An introvert's guide to meetings

Managers can also help ease meetings, expert says

Introverts can struggle in meetings: They may fear being asked to speak, and they may find their ideas drowned out by their extroverted colleagues.

But that doesn't mean introverts can't contribute—they just need a little more help and preparation.

Rousmaniere spoke with Susan Cain, an author and co-founder of The Quiet Leadership Institute, which focuses on helping introverts thrive in the workforce. Cain shares several strategies to help introverts feel more comfortable contributing.

The introvert's guide to attending conferences

Preparation is key. Introverts may need more time to prepare for meetings. Extra preparation may help them feel comfortable speaking up early, which can be key. "On a psychological level, it helps you feel a part of the meeting earlier, and people will often in turn direct their comments to you, whereas if you wait awhile to speak, the opposite usually happens," Cain says.

Take some pressure off. Meetings can make introverts feel pressured to come up with fully formed ideas on their feet.  They should remind themselves that even half-formed ideas can have value.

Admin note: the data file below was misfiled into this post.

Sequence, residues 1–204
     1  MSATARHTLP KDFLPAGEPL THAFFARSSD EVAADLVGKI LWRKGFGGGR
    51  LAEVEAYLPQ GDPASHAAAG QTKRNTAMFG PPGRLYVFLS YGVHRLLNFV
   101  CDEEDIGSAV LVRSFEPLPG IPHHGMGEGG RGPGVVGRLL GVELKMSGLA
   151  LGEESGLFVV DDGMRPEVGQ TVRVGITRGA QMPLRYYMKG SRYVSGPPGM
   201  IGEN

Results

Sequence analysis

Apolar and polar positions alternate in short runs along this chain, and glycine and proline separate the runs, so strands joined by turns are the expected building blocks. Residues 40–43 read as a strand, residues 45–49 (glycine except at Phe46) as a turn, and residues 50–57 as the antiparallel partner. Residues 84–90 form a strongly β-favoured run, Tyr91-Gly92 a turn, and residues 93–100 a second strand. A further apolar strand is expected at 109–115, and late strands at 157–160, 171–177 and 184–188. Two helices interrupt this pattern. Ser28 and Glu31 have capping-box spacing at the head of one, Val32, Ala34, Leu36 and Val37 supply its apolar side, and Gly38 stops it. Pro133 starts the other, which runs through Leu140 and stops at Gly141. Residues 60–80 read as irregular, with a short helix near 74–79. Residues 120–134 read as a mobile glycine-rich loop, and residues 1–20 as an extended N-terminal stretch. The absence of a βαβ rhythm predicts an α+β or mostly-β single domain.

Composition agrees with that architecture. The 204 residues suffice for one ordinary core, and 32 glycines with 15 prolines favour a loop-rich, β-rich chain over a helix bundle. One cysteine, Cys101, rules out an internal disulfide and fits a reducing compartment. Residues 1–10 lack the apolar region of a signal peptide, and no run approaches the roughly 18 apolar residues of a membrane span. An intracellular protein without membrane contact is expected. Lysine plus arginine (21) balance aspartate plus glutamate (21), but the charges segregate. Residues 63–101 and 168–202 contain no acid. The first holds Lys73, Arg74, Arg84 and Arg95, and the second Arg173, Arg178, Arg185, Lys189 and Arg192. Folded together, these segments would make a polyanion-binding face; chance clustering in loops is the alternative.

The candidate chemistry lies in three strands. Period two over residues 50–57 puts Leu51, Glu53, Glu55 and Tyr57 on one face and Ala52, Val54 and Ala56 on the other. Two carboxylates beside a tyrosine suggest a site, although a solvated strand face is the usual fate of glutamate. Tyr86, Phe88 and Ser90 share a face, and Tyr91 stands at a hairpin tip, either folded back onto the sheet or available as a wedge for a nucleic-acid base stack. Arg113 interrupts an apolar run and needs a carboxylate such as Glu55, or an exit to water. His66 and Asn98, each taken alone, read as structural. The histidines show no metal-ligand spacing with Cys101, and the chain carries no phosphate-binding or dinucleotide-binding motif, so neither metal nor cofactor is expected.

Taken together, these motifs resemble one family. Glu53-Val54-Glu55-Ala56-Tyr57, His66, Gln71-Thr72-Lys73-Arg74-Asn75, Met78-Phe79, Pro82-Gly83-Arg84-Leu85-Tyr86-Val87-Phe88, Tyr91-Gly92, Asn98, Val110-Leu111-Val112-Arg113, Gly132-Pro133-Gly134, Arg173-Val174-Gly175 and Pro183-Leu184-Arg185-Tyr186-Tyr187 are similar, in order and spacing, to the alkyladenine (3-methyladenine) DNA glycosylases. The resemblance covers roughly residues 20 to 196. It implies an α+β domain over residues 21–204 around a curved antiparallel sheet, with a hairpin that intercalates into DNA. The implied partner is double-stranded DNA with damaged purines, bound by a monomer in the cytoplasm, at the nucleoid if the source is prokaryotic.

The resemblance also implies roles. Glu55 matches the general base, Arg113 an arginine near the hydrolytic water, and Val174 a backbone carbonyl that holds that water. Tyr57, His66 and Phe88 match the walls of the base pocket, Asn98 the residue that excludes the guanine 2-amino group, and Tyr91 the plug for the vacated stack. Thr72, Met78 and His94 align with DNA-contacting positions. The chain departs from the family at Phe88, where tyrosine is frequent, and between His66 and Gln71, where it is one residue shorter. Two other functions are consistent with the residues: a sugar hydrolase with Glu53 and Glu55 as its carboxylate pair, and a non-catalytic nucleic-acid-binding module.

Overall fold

Be honest. Even with the right preparation, introverts still may not be comfortable responding to colleagues off the cuff. If someone asks an introvert for his or her opinion, it can be OK to respond, "I really want to think that through," Cain advises.

Practice makes perfect. Nothing prepares you to speak in front of a group like speaking in front of a group. Cain says introverts should seek low-stress opportunities to gain comfort presenting their ideas verbally. "Try to expose yourself to small speaking experiences where, on a scale of 1-10, your anxiety level would be in the 4-7 range, so you’re stretching yourself, but not too much all at once," she says. =

Learn coping mechanisms. Even with the right preparation and practice, introverts may find their anxiety rising. Cain says it's important that introverts learn techniques to regulate their emotions, such as deep breathing.

What managers can do. It's not just introverts' responsibility to improve, Cain says. Managers should also take steps to help gain value from their introverted team members, such as:

  • Distributing agendas in advance of meeting so introverts can prepare;
  • Seeking out ideas and feedback from introverts one-on-one, when possible; and
  • Proactively ensuring that everyone in a meeting has a chance to contribute and that a select few are not dominating the conversation (Rousmaniere, Harvard Business Review, 4/21).

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